UN agencies sound alarm on pending hunger emergency in poor countries

Acute hunger is on the verge of escalating in more than 20 countries driven by the coronavirus pandemic, conflict, changing climate and other factors, the United Nations Food and Agriculture Organization (FAO) and World Food Program (WFP) said in a joint report released Tuesday, Xinhua reports. 

The two agencies, both based in Rome, released a 37-page report showing that Yemen, South Sudan and the northern parts of Nigeria top the list and are facing catastrophic levels of acute hunger.

Though the majority of the affected countries are in Africa, acute hunger is due to rise steeply in most world regions, including Afghanistan in Asia, Syria and Lebanon in the Middle East as well as Haiti in Latin America and the Caribbean, said the report.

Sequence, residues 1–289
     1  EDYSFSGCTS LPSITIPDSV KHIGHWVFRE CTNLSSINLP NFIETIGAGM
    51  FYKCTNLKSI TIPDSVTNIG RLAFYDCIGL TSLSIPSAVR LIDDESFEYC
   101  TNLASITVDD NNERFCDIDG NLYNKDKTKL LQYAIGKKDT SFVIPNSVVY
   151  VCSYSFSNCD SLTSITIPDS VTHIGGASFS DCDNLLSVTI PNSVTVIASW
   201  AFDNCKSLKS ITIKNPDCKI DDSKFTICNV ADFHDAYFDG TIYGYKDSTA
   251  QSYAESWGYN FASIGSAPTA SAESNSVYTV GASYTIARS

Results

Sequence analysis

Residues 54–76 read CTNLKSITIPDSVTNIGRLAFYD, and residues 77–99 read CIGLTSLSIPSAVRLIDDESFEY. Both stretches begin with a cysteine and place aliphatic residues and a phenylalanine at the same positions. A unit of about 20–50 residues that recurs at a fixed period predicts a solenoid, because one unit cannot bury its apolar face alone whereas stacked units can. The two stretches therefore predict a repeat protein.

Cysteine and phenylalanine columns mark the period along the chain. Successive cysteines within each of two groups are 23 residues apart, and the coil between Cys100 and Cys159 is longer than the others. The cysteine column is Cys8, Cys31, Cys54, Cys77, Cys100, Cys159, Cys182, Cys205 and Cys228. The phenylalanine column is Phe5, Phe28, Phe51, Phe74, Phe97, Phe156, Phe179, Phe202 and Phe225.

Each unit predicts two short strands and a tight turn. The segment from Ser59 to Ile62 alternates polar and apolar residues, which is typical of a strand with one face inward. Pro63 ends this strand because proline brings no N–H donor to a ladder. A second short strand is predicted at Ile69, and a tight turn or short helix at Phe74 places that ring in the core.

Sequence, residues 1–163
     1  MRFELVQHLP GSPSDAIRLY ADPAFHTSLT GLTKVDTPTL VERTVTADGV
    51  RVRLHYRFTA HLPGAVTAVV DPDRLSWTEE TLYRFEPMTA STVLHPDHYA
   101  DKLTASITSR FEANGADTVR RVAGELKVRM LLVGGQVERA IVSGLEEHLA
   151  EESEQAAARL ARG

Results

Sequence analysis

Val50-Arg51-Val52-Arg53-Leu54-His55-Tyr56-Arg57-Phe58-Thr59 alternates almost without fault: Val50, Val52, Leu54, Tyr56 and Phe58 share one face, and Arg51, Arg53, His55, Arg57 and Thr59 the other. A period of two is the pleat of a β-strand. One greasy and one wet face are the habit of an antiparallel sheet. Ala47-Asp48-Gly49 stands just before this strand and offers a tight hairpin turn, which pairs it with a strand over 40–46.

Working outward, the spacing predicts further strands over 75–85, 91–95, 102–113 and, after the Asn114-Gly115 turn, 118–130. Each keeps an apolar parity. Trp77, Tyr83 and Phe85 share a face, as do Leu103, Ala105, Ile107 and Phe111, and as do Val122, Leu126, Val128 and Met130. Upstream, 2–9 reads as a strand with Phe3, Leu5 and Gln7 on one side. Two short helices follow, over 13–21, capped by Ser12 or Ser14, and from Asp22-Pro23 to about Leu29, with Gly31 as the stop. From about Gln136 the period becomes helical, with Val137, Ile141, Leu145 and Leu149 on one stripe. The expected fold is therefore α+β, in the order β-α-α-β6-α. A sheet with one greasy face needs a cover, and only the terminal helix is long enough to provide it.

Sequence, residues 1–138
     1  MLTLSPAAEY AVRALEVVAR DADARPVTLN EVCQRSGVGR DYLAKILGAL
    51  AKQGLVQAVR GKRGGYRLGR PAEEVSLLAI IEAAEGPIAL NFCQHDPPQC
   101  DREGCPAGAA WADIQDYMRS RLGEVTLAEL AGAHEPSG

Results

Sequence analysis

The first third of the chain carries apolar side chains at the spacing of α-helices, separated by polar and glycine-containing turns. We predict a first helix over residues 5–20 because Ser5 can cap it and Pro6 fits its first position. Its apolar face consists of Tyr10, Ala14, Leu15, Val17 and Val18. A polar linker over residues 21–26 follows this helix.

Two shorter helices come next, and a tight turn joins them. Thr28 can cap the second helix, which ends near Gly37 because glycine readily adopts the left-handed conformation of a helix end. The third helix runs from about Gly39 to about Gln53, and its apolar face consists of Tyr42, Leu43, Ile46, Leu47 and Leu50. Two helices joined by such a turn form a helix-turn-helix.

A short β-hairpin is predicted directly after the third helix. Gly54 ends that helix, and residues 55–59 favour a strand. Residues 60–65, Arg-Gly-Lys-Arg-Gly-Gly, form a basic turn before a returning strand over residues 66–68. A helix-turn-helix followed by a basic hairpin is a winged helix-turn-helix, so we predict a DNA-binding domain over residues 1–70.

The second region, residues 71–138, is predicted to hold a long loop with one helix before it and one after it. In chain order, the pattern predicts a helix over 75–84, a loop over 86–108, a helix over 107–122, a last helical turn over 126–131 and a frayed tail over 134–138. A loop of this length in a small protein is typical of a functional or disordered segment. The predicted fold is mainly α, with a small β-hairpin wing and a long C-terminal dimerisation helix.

The FAO and WFP said that more than 34 million people in the world are "grappling with emergency levels of acute hunger," which means they are one step away from starvation. That number could rise dramatically in the coming months if international assistance is not scaled up, the report said.

"The magnitude of suffering is alarming," said FAO Director-General Qu Dongyu in a statement. "It is incumbent upon all of us to act now and to act fast to save lives, safeguard livelihoods and prevent the worst situation."

"We must run against the clock and not let this opportunity to protect, stabilize, and even possibly increase local food production slip away," added Qu.

Echoing Qu's remarks, WFP Executive Director David Beasley said: "We are seeing a catastrophe unfold before our very eyes. Famine, driven by conflict and fueled by climate shocks and the COVID-19 hunger pandemic, is knocking on the door for millions of families."


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